For those who don't know (and shame on you if you didn't) we have just seen the bicentenary of Wagner's birth. Now I do my best to manage travel around the World to match my two great aesthetic passions namely Welsh Rugby and Wagnerian Opera. I saw the full Ring Cycle this year in Berlin and will be there for the Seattle performance later this year. Before that we had San Francisco, London & New York. San Francisco by the way was the best of those although Belin comes close. To attend any of the mature operas is to engage in one of the truly transcendent experiences available to humans. You are wrapped up, enfolded and transformed in a way that has little or no parallel.
Wagner of course is problematic in terms of politics and I plan a more reflective posting on that and other aspects in the next week or so. I had promised people that I would post on the Berlin Ring but the diabetes discovery that week rather disrupted my normal cycle of posting and reflection. I also realised that post my visit to Auschwitz in the middle of that cycle I needed to think and reflect more before doing so; it was a very Germanic production. So I have some more work to do there but I will build on his famous statement in a letter In 1948 the Revolution happens: all the mists of dawn fall away from me.
Today however I was at the WNO's excellent production of Lohengrin which is one of the transitionary operas along with Tannhäuser and the Dutchman. You can sense the masterworks to come, and this of all his opera's presents the chorus to best effect. Given that the great strength of the the WNO is its chorus - now professional but in the early days amateur - this was good news. Also the Millenium Centre on Cardiff Docks is to my mind one of the great modern opera houses in terms of both comfort (necessary for Wagner above all others given the length) and also acoustics. Emma Bell as Elsa was outstanding and so were the rest of the cast other than a missed note or rather phrase in her final minute by Susan Bickley as Ortrund. The whole opera hinges around the discourse between these two, one representing an abstract concept of Christian purity the other the older Gods of Europe. I personally think Wagner never resolved this one, but more on that in future posts. Above all this is the opera through which Wagner first explored the transforming potential of love, something that for me reached its sublime fulfilment in Tristan und Isolde. If it was Hitler's favourite opera (and it so reported) then he really didn't understand it.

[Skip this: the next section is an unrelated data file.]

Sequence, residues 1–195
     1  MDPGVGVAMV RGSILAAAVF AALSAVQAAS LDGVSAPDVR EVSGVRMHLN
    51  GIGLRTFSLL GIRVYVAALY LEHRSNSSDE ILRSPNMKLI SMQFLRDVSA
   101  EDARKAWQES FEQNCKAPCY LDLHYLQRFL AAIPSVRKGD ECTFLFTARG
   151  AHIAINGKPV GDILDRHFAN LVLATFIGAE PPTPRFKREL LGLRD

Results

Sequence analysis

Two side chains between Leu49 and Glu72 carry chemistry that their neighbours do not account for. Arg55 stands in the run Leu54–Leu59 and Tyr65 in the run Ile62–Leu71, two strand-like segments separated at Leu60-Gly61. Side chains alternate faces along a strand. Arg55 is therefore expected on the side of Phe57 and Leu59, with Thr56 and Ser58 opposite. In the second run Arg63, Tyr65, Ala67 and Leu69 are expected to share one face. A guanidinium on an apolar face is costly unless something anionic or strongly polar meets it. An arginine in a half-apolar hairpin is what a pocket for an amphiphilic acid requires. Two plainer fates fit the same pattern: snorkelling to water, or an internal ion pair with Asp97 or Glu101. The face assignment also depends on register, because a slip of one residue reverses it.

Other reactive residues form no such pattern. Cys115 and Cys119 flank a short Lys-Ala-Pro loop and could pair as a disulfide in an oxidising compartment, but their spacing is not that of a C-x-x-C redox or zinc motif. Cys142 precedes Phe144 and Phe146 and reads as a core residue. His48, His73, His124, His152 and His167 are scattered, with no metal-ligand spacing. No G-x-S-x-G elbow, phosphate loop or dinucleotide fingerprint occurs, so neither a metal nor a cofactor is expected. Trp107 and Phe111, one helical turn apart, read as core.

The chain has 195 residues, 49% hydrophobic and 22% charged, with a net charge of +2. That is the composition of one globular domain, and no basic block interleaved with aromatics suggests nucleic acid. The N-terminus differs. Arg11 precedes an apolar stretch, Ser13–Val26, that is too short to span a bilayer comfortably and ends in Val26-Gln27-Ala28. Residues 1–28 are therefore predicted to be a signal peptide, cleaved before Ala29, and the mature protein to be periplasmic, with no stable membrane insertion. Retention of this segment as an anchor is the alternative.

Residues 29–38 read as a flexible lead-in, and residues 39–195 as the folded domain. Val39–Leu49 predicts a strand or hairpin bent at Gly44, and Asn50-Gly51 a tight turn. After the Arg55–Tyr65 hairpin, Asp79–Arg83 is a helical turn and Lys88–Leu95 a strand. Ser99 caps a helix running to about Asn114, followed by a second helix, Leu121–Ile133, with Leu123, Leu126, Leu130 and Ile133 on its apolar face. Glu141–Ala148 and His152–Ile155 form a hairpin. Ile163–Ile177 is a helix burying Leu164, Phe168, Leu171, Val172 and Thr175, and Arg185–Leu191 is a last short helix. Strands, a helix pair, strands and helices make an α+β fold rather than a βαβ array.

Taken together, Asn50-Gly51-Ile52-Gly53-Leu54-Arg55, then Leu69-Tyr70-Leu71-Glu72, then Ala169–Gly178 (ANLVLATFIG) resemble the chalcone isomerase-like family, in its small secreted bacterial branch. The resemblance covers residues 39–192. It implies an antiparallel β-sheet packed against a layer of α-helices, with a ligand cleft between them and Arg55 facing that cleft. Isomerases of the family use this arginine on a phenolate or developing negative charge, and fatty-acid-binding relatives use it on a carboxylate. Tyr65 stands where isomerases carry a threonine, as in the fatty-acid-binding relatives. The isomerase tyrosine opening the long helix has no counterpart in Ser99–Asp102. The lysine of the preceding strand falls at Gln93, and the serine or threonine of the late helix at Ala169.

I came out of the performance (an early start at 1500) to the evening sunlight in Cardiff Docks which is a form of home for me, it is the place my family comes from although then policemen entered only in threes which is rather different from the current middle class chic of the dining places. Its also the city with one of the best modern rugby stadiums so what more could you want?
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